# 5.3 Key Assumptions of Ordinal Regression

Overview

What do we mean by the assumption of proportional odds (PO)? To explain this we need to think about the cumulative odds. Figure 5.3.1 takes the data from Figure 5.1.1 to show the number of students at each NC English level, the cumulative number of students achieving each level or above and the cumulative proportion. Remember proportions are just the % divided by 100. We can see that the proportion achieving level 7 is 0.09 (or 9%), the proportion achieving level 6 or above is 0.34 (34%) and so on.

From this we can calculate the cumulative odds of achieving each level or above (if you require a reminder on odds and exponents why not check out Page 4.2?). 1,347 students achieved level 7 compared to 13,116 who achieved level 6 or below. Therefore the odds of achieving level 7 are 1,347/13,116 = 0.10. Similarly the odds of being at level 6 or above are 4918 / 9545 = .52. The odds of achieving level 6 or above are about half that of achieving level 5 or below. If you are getting confused about the difference between odds and proportions remember that odds can be calculated directly from proportions by the formula p / (1-p). Therefore the cumulative odds of achieving level 7 are .09 / (1-.09) = 0.10. Similarly the cumulative odds of achieving level 6 or above are .34 / (1-0.34) =.52. We can do the same to find the cumulative odds of achieving level 5 or above (2.79) and level 4 or above (8.77). We do not need to calculate the cumulative odds for level 3 or above since this includes the whole sample, i.e. the cumulative proportion is 1 (or 100%). As you can see we have essentially divided our ordinal outcome variable in to four thresholds.

Table 5.3.1: Cumulative odds for English level

In the table we have also shown the cumulative log-odds (logits), this is just the natural log of the cumulative odds which you can calculate in EXCEL or on a scientific calculator. Log odds rather than odds are used in ordinal regression for the same reason as in logistic regression (i.e. they do not suffer from the ceiling and floor effects that odds do, you should remember this from Module 4).

If you want to use the LOG function in EXCEL to find the logit for the odds remember you need to explicitly define the base as the natural log (approx. 2.718) e.g. =LOG(odds,2.718).

The key assumption in ordinal regression is that the effects of any explanatory variables are consistent or proportional across the different thresholds, hence this is usually termed the assumption of proportional odds (SPSS calls this the assumption of parallel lines but it’s the same thing). This assumes that the explanatory variables have the same effect on the odds regardless of the threshold. For example if a set of separate binary logistic regressions were fitted to the data, a common odds ratio for an explanatory variable would be observed across all the regressions. In ordinal regression there will be separate intercept terms at each threshold, but a single odds ratio (OR) for the effect of each explanatory variable. This is best explained by an example.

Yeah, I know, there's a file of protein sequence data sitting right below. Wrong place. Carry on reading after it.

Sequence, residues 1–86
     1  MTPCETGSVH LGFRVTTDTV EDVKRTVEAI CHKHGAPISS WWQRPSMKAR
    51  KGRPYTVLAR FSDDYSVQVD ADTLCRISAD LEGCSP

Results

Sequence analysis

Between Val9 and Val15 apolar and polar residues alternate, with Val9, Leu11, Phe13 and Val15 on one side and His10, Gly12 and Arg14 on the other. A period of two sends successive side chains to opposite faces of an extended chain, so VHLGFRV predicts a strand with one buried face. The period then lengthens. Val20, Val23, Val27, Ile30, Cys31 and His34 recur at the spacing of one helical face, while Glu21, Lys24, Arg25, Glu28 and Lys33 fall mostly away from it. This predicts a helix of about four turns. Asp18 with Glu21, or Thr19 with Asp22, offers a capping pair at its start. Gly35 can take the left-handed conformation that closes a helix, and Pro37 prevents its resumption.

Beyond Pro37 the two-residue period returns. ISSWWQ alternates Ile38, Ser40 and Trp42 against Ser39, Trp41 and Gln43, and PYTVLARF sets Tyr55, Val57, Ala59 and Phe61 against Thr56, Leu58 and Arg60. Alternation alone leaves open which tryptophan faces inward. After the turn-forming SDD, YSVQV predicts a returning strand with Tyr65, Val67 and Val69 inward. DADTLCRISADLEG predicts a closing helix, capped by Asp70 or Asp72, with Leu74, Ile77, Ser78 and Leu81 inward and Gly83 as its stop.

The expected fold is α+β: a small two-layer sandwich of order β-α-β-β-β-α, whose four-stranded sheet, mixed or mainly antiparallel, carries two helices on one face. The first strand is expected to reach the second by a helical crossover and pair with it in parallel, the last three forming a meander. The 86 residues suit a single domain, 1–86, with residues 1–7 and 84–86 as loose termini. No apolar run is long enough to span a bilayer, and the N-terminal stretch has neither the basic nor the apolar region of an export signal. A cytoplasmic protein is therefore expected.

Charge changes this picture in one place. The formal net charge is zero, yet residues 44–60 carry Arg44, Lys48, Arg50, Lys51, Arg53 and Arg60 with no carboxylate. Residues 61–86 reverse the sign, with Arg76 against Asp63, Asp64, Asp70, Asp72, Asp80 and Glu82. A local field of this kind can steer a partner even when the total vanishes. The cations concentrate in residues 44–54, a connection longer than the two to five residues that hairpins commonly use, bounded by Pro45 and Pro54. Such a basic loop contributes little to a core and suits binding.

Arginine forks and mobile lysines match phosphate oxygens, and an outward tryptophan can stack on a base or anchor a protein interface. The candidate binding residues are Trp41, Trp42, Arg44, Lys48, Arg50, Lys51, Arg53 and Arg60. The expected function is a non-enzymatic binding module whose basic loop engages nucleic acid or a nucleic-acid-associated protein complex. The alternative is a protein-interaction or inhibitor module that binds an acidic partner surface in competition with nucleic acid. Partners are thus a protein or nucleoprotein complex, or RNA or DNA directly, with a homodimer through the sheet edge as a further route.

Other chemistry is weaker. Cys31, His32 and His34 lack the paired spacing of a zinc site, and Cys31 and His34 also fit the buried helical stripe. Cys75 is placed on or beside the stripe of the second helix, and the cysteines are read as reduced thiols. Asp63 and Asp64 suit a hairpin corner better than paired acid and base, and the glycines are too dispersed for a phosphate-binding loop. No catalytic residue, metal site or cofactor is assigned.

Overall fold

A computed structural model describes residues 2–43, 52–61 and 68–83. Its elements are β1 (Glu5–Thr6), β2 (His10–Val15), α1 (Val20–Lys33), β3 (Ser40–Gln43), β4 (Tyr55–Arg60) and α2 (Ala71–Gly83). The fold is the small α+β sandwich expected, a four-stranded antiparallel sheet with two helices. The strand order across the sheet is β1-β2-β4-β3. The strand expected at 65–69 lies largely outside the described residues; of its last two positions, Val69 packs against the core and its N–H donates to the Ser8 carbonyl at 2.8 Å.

As example using gender and English NC level

As a simple example let’s start by just considering gender as an explanatory variable. Before you start building your model you should always examine your ‘raw’ data. Figure 5.3.2 shows the cross tabulation of English level by gender.

Figure 5.3.2: Gender by English level crosstabulation

Clearly girls tend to achieve higher outcome levels in English than boys. What does this look like in terms of the cumulative proportions and cumulative odds? In Figure 5.3.3 we calculate the cumulative odds separately for boys and for girls.

Figure 5.3.3: Cumulative odds for English NC level separately for boys and girls

We can calculate odds ratios by dividing the odds for girls by the odds for boys. In general the odds for girls are always higher than the odds for boys, as proportionately more girls achieve the higher levels than do boys. These odds ratios do vary slightly at the different category thresholds, but if these ratios do not differ significantly then we can summarise the relationship between gender and English level in a single odds ratio and therefore justify the use of an ordinal (proportional odds) regression. If we do calculate the odds ratio from an ordinal regression model (as we will do below) this gives us an OR of 0.53 (boys/girls) or equivalently 1.88 (girls/boys), which is not far from the average across the four thresholds. This assumes the odds for girls of achieving level 4+ are 1.88 greater than the odds for boys; the odds of girls achieving level 5+ are 1.88 times greater than the odds for boys, and so on for level 6+ and level 7... i.e. that the odds of success for girls are almost twice the odds of success for boys, wherever you split the cumulative distribution (that is to say, whatever threshold you are considering). SPSS has a statistical test to evaluate the plausibility of this assumption, which we discuss on the next page (Page 5.4).